The Ticking Clock
The pilots chosen to carry out the attack had a monumental task ahead of them. They would have to fly 2000 km in hostile territory carrying bombs and fuel. Eight newly delivered F-16s and 2 F-15 interceptors would fly them to their target. The head of the mission Col. Zeev Raz never believed that all pilots would return safely. The pilots received training in Utah, but one pilot told the BBC that none of them had flown “more than 100 missions in an F-16, which is not a lot, and the whole plane was completely new, its limitations were not completely clear, we were still learning.” . F-16s, known as, vipers, are highly reliable aircraft and can fly long range sorties without refuelling. They can fly in all weather and can destroy other aircraft in the sky and targets on the ground. In order to carry out the attack, the pilots would have to put their faith in the capacity of these aircraft to bring them back safely.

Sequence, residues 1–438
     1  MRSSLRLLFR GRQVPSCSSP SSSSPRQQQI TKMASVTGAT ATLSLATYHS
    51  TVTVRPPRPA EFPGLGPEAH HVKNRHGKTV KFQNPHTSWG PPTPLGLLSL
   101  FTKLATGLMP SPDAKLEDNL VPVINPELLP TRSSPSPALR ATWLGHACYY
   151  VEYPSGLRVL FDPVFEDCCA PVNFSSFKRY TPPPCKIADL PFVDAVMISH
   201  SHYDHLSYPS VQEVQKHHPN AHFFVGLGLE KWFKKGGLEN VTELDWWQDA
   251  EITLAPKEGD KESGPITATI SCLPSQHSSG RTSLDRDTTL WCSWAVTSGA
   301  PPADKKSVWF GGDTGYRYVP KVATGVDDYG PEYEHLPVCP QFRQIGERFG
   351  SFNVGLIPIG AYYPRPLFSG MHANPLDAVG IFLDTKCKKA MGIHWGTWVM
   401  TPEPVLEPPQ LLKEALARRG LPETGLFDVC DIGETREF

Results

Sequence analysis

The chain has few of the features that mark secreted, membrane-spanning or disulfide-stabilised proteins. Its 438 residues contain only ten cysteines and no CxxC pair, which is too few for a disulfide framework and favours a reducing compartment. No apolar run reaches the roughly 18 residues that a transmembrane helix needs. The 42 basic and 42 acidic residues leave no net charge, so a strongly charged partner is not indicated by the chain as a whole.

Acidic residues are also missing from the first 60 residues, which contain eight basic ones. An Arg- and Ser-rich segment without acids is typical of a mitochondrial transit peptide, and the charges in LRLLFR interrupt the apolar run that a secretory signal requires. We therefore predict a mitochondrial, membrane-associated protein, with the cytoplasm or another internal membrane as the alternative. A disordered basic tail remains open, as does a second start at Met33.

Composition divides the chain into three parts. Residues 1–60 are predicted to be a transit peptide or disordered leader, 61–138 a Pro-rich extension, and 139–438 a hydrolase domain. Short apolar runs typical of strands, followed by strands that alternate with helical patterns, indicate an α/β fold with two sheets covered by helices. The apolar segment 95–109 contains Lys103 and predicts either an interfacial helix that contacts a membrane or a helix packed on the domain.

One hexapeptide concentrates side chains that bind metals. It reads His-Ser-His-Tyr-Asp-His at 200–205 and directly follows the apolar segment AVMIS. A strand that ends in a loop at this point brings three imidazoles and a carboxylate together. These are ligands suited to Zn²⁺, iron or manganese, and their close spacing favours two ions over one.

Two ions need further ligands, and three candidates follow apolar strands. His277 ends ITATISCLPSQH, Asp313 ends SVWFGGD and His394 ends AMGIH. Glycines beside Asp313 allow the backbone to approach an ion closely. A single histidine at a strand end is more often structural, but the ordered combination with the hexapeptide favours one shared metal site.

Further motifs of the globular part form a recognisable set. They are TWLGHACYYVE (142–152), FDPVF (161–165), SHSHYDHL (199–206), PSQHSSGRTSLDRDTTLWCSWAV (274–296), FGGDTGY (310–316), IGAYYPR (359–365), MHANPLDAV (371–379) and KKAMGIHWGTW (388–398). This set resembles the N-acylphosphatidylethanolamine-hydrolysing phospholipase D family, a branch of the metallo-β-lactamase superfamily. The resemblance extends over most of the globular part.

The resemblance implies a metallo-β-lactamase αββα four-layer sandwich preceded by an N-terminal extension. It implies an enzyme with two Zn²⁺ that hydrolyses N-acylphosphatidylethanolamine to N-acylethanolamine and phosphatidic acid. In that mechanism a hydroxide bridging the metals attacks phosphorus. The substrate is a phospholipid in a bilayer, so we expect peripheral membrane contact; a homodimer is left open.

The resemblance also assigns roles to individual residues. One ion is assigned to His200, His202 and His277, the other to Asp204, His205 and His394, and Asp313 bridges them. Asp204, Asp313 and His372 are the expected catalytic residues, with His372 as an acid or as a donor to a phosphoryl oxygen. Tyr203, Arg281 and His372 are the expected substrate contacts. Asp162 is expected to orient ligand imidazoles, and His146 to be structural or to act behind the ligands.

The Day of the Attack